Characteristics of a foreign language teacher’s professional competence a foreign language

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O, ozbek tilining nazariy grammatikasi, fayl tarix test-2, Mavzu, Ишлаб чиқ ўқув, Далолатном1, 1Sharq uyg‘onish davrida pedagogik fikr taraqqiyoti Al Xorazmiy, (2), 1Sharq uyg‘onish davrida pedagogik fikr taraqqiyoti Al Xorazmiy, (2), 1, 10-sinf yillik ish reja, Axborot tizimlarini ta'minlovchi tarkibiy qismlar, 1-labaratoriya ishi. (1), 2-kurs jadval, 11-rus-test, 5-sinf-matematika 1

foreign language is a language not commonly spoken in the country of the speaker. However, there must be a defined distinction between foreign language and second language. It is also a language not spoken in the native country of the person referred to.
Some children learn more than one language from birth or from a very young age then they are bilingual or multilingual. These children can be said to have two, three or more mother tongues: neither language is foreign to that child, even if one language is a foreign language for the vast majority of people in the child's birth country. For example, a child learning English from his English father and Irish at school in Ireland can speak both English and Irish, but neither is a foreign language to them. This is common in countries such as India, South Africa, or Canada due to these countries having multiple official languages.
In general, it is believed that children have advantage to learning a foreign language over adults. However, there are studies which have shown adult students are better at foreign-language learning than child students. It is because adults have pre-existing knowledge of how grammar works,[1] and a superior ability of memorizing vocabulary.
Most schools around the world teach at least one foreign language and most colleges and high schools require foreign language before graduation. By 1998, nearly all pupils in Europe studied at least one foreign language as part of their compulsory education, the only exception being Ireland, where primary and secondary schoolchildren learn both Irish and English, but neither is considered a foreign language (although Irish pupils do study a third European language). On average in Europe, at the start of foreign-language teaching, learners have lessons for three to four hours a week. Compulsory lessons in a foreign language normally start at the end of primary school or the start of secondary school. In LuxembourgNorway and Malta, however, the first foreign language is studied at age six, and in Flanders at age 10.[3] In Wales, all children are taught Welsh from the first year of primary school. The Welsh language is also compulsory up to the age of 16, although a formal GCSE qualification is optional.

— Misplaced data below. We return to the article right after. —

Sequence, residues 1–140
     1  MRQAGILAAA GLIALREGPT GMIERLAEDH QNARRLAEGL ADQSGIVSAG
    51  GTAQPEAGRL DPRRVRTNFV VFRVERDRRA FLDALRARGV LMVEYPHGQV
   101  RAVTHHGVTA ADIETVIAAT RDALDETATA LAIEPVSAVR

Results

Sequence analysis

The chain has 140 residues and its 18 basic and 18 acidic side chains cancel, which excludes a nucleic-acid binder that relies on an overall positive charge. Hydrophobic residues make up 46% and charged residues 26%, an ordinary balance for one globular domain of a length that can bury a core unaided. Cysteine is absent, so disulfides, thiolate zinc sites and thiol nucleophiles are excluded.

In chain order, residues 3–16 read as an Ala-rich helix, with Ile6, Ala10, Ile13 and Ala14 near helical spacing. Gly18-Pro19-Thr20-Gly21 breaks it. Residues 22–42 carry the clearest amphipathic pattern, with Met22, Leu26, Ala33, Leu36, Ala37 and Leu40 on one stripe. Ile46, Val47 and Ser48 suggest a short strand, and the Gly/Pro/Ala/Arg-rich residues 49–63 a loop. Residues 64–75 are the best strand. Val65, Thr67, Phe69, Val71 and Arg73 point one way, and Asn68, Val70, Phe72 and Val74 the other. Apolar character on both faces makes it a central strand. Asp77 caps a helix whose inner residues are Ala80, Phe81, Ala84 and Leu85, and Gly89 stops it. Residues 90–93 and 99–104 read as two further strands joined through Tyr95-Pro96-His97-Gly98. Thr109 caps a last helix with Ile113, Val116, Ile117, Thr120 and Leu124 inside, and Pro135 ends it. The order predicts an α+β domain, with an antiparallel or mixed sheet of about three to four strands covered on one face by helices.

In some countries, learners have lessons taken entirely in a foreign language: for example, more than half of European countries with a minority/regional language community use partial immersion to teach both the minority and the state language. This method is also highly used in Canada, wherein anglophone students spend all of most of their lessons learning the materials in French.
In 1995, the European Commission's White Paper on Education and Training emphasised the importance of schoolchildren learning at least two foreign languages before upper secondary education. The Lisbon Summit of 2000 defined languages as one of the five key skills.[citation needed]
Despite the high rate of foreign-language teaching in schools, the number of adults claiming to speak a foreign language is generally lower than might be expected. This is particularly true of native English speakers: in 2004 a British survey showed that only one in 10 UK workers could speak a foreign language and less than 5% could count to 20 in a second language. In 2012, a European Commission survey found that 61% of respondents in the UK were unlikely to speak any language other than their mother tongue (page 5).
Since the 1990s, the Common European Framework of Reference for Languages has tried to standardise the learning of languages across Europe.
An article from The Atlantic claims that only 1 percent of the adults within the US population consider themselves proficient in speaking a foreign language. This is in stark contrast to many other countries, where the percentage is much higher. Even though there are many benefits that come with learning a foreign language, schools across the United States continue to cut foreign language from their budgets.[4]

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